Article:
Sunday, August 18, 2013

The importance of public relations

This summer, I had the pleasure of interning at a public relations agency in New York City. I am enthralled to say that I absolutely enjoyed every second of it and gained valuable experience and insight into the field. There are many different things I learned about the fundamentals of PR that I would love to share with you, but right now I want to focus on the importance of public relations. 

At any given agency, responsibilities consist of sending product samples to bloggers, pitching stories to editors, and monitoring media clippings. Additionally, PR professionals constantly give out advice to various clients as to why certain campaigns will be successful or why certain ones will fail. Clients are coached on how to handle interview questions and what to wear to certain television appearances. 

At this given moment, I can confidently say that I have finally realized the importance of public relations and I am not the only one! According to Kenny Goodman, "public relations can be used to ensure business owners broadcast the right message to their audience". This comment stems from a "Find the Edge" article which investigates the importance of public relations. According to the article, business leaders should see a successful PR campaign as an essential aspect to their business plan. 

So what exactly makes PR so essential to businesses? According to Goodman, it's all about reputation. In my PR Case Studies class this year, we learned a lot about crisis communications. This is something that is at the forefront of PR and something that can literally make or break a company or establishment. 

Whether internal or through an agency, keeping track of your public relations ensures that you hear your customers' messages and adapt accordingly. In the article, Goodman discusses what he considers to be the most important and profitable aspects of public relations- "having a strong and clearly defined strategy with established outcomes, making contacts with the media, and being able to generate creative news angles".

All of this makes sense to me and I feel that these findings are definitely worth checking out. I really feel that, although public relations is still relatively unknown to those outside the field, it is starting to make its name because it truly does make a huge difference. I am extremely excited to see the future of public relations and to one day call it my career.

Monday, August 5, 2013

Drafting the most ideal press release & e-mail pitch

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This summer at my internship, I have been assigned to draft my fair share of press releases and e-mail pitches. The first time my supervisor told me to write one, I was completely terrified. However, she took the time to explain to me exactly what she was looking for and what outlets they would be sent to. Although my initial draft received its fair share of criticism, I am pleased to say that the pitches were sent out and we were both extremely confident in them.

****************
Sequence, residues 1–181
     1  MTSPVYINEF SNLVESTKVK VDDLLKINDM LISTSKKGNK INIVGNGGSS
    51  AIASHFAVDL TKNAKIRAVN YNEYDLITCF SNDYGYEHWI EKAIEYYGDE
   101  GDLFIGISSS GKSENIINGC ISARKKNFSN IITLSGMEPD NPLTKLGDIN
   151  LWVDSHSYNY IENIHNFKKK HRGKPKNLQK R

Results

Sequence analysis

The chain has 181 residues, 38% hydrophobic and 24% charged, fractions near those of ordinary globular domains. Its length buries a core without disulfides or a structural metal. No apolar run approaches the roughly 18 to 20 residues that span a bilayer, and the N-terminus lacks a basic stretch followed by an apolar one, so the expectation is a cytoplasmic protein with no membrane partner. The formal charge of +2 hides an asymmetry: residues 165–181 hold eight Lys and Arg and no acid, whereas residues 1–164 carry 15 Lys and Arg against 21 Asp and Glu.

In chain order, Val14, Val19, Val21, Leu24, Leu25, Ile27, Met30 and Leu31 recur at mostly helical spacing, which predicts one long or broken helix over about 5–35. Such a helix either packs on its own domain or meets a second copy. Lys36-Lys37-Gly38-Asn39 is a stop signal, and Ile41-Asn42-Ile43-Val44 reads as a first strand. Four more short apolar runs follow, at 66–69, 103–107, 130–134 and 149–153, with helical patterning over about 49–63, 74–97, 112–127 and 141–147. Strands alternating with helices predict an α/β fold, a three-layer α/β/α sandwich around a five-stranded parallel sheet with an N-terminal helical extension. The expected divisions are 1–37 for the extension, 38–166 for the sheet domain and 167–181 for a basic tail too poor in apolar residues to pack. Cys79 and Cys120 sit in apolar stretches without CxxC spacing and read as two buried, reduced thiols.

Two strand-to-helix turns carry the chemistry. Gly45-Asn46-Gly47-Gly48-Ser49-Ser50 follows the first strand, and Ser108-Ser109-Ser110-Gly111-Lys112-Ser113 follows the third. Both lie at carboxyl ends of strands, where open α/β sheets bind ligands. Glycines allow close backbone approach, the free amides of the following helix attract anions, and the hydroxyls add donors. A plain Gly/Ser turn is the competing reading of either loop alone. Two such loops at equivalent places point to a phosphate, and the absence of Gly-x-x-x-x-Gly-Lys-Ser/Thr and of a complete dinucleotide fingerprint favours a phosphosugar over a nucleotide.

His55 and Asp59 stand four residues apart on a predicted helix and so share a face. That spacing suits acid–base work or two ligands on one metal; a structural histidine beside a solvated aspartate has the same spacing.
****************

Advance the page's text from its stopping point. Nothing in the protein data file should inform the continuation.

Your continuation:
Interning at a PR agency this summer has lead me to understand the importance of both press releases and e-mail pitches.  I will undoubtedly be drafting many of them in the future and need to be on the look out for the best advice on how to execute them. 

This past weekend, I found an article on PR News Online specifically giving ways to draft pitches without annoying or turning off reporters. Here are a few ideas from the article, as well as a few that my supervisors have shared with me this summer:

  • Do not include business cliches or overused phrases. Reporters can literally see right through this type of language and it appears that you do not value their time because of the fluffiness, rather than substance, present in the pitch.
  • Catch their attention right away. With outlets like Twitter and Facebook, reporters' attention spans are shorter than ever. You should send them something both newsworthy and interesting so that they want to read it.
  • Use visuals. This goes along with the previous tip. Instead of explaining a backpack in a long paragraph, why not send a detailed picture of the backpack instead? Visuals are both descriptive and captivating, encouraging your reporters to actually pay attention to the content. 
  • Write an intelligent phrase in the subject line that shows not only what your e-mail is about, but also how it will be of use to the reporters' readers. It is not enough to simply explain something, you need to indicate what others will get out of it.
  • Keep it short and to the point. This goes without saying. However, sometimes PR pros get so caught up in how awesome their clients are that they forget that reporters receive hundreds of e-mail every day.
To read the full PR News Online article, click here.

Wishing everyone the best of luck as their internships wind down. Remember, there is still enough time to utilize this advice and write the best press release/e-mail pitch of the summer!